In my mind, however, the term "parish" has always had a frim, Catholic connotation; perhaps this is because the Catholic church has a strong, ecclesiastical hierarchy, and of course a history of using that term for their churches.

allenJo
Post 5

@oscar23 - I used to think parishes referred only to church bodies as well; that was until Hurricane Katrina hit Louisiana in 2005. Then I heard over and over about the Jefferson parish in Louisiana.

The TV news would interview some of the representatives of the Jefferson parish. When they were introduced, I automatically thought they were local pastors or something, and it only dawned upon me later that parish meant a district of some sort.

It’s interesting, however, to note that usage of the term is common in one state, like Louisiana, but not in others. Perhaps there is a way of governance in Louisiana that makes parishes more suitable to that state and not to others. We certainly don’t have parishes where I live (Oklahoma).

B707
Post 4

There are a number of advantages to attending the church in the parish where you live. Everyone is in close proximity to the church. The priest and his assistant do not have to travel far to make personal visits. Parishioners know other members, not just from church, but from other organizations in the community.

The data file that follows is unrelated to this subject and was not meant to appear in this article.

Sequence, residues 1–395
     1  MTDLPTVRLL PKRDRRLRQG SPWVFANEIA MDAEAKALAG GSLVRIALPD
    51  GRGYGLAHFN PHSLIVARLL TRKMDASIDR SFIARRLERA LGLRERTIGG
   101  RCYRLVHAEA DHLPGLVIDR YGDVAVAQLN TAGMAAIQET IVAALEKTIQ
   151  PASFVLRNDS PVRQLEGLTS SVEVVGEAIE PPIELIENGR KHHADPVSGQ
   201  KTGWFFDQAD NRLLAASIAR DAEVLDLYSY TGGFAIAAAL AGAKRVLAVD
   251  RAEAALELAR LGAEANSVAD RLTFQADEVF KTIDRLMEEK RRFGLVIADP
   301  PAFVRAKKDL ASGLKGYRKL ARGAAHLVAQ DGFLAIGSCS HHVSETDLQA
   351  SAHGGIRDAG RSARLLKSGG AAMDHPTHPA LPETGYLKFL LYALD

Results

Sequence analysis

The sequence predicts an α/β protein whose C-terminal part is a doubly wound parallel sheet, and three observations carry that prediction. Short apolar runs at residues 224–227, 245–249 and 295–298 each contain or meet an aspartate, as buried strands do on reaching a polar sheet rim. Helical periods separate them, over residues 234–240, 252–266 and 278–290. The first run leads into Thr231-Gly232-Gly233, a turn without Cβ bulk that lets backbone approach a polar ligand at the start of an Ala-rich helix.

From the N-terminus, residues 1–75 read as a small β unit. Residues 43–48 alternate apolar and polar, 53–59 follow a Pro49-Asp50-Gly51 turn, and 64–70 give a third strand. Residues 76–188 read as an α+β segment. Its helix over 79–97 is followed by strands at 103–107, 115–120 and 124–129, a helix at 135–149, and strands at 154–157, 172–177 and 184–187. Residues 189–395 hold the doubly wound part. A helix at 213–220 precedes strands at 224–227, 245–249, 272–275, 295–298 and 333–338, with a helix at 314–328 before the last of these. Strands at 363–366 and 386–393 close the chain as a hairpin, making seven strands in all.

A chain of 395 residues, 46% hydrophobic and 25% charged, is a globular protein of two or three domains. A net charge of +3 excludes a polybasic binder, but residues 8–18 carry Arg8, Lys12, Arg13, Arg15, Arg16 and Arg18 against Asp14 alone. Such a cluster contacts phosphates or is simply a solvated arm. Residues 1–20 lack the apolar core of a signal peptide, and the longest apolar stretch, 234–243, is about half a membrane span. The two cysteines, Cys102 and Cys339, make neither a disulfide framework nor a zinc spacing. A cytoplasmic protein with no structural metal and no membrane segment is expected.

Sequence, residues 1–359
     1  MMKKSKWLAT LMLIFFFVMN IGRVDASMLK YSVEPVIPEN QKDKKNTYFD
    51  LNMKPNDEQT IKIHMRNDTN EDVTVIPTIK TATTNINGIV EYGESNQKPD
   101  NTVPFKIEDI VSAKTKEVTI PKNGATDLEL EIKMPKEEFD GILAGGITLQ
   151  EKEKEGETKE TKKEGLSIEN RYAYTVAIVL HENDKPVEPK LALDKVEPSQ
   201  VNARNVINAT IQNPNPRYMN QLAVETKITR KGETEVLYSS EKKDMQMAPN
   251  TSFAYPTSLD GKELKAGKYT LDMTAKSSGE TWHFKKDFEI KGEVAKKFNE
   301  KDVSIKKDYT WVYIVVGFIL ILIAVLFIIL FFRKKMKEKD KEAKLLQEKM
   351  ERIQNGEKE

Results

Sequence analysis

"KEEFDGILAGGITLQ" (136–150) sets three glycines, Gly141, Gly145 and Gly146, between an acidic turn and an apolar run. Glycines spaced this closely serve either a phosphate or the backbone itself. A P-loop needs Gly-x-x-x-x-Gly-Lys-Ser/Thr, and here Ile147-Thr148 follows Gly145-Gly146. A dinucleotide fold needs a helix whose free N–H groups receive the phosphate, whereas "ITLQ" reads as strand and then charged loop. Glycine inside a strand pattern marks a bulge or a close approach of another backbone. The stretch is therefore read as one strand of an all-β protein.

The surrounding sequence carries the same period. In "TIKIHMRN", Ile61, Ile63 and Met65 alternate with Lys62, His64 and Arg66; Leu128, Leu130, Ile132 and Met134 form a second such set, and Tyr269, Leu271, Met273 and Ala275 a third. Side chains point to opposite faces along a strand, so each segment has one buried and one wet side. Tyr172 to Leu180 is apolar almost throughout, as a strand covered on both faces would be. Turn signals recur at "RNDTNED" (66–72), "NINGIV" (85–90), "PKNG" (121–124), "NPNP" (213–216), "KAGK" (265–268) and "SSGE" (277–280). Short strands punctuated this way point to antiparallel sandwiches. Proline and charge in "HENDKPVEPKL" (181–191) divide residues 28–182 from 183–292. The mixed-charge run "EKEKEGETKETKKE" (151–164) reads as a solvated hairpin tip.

On the other hand, some churches have no boundaries of residence. People can choose a church based on the pastor, the services and activities offered, the size of the congregation, and the neighborhood. So, it all depends on personal preference.

Misscoco
Post 3

I didn't know that some of our states have divided themselves into geographical government sections called parishes -- where are some areas where this system is still used?

oscar23
Post 2

Up until I read this article, I wasn’t really aware of a “parish” as a sort of community beyond that of believers in a church. How interesting!

I really didn’t know that there were still actual towns and communities that were parishes around today! I was aware of the different Catholic parishes, of course, but I thought the parish communities had sort of gone extinct.

I used to think that it was so awesome to read about historical Ireland, who I believe did have little parishes all over. Basically, there was one man who typically oversaw everyone who lived within his parish, and in return offered them jobs and protection. I think this may have been popular in Scotland as well.

How awesome that this sort of thing is still around today! I wonder if they still have parish halls and such, too!

JessiC
Post 1

Although I do not attend a Catholic church, we also know the body of our Baptist church as “the parish” or “the parishioners”. Basically, we look to our pastor as the leader of the church, and everyone else is part of the parish.

Typically, the parishioners at our church attend regularly and join either through baptism or having a letter moved from another church of like faith. We are ally privy to parish records of any kind.

I personally was not baptized into my church, but had my letter moved from the church that I was a member of from the time that I was a teenager.

As a parish, we are also expected to contribute financially when we can, fill roles such as Sunday school teachers, deacons or any other roles from a long list that keeps the church functioning the way it should.

We even have a sort of list of rules that we use so that we are of likemind and similar action.